N. Korea launch ‘unfortunate’ and ‘destabilizing’ but path to dialogue open-U.S.

A man watches a TV broadcasting a news report on North Korea firing a ballistic missile over Japan, at a railway station in Seoul on Tuesday.

WASHINGTON (Reuters) — The top U.S. diplomat for East Asia described North Korea’s firing of a ballistic missile over Japan on Tuesday as “unfortunate” and “destabilizing,” but said a path to dialogue remained open, while pledging to defend South Korea and Japan with all America’s power.

The missile fired on Tuesday flew over Japan for the first time in five years, prompting a warning for residents to take cover and a temporary suspension of train operations in northern Japan.

Daniel Kritenbrink, the State Department’s assistant secretary for East Asian and Pacific affairs, said that China needed to do more to fight sanctions evasion by North Korea in its coastal waters, and that Beijing and Russia should work to shut down Pyongyang’s procurement networks.

“We urge (North Korea) to take the path of dialogue, commit to serious and sustained diplomacy, and refrain from further destabilizing activities,” Kritenbrink said at an online event hosted by the Institute for Corean-American Studies shortly after the latest North Korean launch.

He said Washington remained open to dialogue with North Korea without preconditions.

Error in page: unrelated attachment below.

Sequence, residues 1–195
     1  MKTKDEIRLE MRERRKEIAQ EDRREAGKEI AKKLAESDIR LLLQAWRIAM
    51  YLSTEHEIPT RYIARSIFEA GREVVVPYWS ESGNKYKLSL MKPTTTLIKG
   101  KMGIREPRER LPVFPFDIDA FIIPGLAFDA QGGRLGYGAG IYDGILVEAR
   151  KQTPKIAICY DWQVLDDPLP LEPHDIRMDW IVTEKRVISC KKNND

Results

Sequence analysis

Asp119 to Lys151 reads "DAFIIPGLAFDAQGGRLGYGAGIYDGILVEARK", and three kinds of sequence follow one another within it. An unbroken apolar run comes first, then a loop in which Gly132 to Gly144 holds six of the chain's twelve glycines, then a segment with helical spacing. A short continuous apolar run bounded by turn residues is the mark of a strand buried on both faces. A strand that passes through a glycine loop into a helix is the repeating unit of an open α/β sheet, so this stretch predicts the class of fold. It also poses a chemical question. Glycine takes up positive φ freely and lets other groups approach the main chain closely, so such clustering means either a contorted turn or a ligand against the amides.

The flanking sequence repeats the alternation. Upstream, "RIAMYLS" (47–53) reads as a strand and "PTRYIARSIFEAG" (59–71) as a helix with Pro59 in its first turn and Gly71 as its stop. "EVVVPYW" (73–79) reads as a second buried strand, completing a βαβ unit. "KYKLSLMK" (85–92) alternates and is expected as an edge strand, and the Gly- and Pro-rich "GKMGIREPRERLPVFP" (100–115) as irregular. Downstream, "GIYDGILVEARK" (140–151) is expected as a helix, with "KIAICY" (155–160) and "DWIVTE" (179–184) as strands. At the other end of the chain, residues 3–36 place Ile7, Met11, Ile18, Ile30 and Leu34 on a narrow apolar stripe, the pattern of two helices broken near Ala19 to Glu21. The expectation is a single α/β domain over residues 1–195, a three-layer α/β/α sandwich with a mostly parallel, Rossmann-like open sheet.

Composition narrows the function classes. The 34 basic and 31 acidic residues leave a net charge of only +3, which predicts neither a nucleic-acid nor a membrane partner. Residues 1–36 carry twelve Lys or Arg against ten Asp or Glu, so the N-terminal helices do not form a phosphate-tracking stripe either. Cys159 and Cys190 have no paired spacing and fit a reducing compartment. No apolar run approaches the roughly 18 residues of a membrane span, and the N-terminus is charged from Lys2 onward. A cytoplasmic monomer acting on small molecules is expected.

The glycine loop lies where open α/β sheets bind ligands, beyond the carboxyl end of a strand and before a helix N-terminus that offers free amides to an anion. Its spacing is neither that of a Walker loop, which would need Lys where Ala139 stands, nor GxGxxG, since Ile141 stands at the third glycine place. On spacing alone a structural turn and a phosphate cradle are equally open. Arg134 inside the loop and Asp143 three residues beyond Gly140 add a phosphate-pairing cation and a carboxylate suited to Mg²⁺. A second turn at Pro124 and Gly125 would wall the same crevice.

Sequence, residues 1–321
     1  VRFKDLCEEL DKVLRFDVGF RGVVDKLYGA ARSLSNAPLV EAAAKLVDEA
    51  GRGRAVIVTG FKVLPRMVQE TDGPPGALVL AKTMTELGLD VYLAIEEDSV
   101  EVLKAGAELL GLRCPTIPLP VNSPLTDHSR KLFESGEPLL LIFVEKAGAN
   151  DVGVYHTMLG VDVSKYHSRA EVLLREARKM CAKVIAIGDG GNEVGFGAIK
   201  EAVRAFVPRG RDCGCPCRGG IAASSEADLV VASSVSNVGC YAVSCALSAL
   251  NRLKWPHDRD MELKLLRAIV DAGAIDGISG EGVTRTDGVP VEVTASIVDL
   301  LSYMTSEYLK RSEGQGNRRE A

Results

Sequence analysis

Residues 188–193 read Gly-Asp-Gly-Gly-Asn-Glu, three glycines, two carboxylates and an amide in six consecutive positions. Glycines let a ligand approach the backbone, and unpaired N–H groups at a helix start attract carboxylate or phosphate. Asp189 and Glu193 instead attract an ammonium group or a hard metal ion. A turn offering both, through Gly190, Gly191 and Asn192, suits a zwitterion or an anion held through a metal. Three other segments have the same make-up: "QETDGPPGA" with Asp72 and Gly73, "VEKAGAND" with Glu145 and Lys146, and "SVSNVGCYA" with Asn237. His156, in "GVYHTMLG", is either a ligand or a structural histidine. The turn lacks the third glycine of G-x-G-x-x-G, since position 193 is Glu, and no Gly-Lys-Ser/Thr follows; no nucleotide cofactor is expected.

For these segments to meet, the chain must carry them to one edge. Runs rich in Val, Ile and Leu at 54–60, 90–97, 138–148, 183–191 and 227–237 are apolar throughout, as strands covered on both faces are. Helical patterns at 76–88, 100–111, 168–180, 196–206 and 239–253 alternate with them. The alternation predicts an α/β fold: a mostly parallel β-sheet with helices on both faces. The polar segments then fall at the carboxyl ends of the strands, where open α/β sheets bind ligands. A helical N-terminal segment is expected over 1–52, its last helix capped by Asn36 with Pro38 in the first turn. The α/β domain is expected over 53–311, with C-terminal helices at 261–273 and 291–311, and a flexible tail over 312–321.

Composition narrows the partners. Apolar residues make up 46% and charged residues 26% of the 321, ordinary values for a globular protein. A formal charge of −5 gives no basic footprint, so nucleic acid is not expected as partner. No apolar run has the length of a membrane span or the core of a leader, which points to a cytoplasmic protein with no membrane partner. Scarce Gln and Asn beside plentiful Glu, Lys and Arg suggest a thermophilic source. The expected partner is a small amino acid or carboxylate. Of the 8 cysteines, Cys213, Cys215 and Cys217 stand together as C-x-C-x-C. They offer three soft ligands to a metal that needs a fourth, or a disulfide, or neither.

“Unfortunately… the only response we have seen thus far is an increase in the number of ballistic missile launches and other provocative actions,” he said. “This is not a productive path forward, neither for North Korea or for any of us.”

Kritenbrink reiterated a U.S. assessment that a resumption of nuclear bomb testing by North Korea for the first time since 2017 was most likely only awaiting a political decision. He said such a “dangerous” act would represent “a grave escalation that would seriously threaten regional and international stability and security.”

“It is in the international community’s best interest to ensure the DPRK knows that such an action will be met by unanimous condemnation, that the only path towards long term peace and stability is to negotiations,” he said, referring to North Korea by the initials of its official name.

He was sharply critical of China and Russia and said persuading North Korea to denuclearize ought to be an area of cooperation with U.S. strategic rival China.

“The failure of the PRC and Russia to fully and completely fulfill their obligations … has only, we fear, emboldened the DPRK in undermining the U.N. Security Council, the international rules-based order and global non-proliferation regime,” he said.

Kritenbrink said the United States would “take all necessary measures, involving all elements of American national power” to defend treaty allies South Korea and Japan.

He said that while leaving the door open to dialogue Washington would “respond resolutely” to the growing threat posed by North Korea.

“We have no other choice but to do so,” he said. “I don’t think anyone should doubt our result in terms of pursuing sanctions and other authority to impose a cost on these actions.”

Decades of U.S.-led sanctions have failed to stem North Korea’s increasingly sophisticated missile and nuclear bomb programs and North Korean leader Kim Jong Un has shown no interest in returning a failed path of diplomacy he pursued with U.S. President Donald Trump.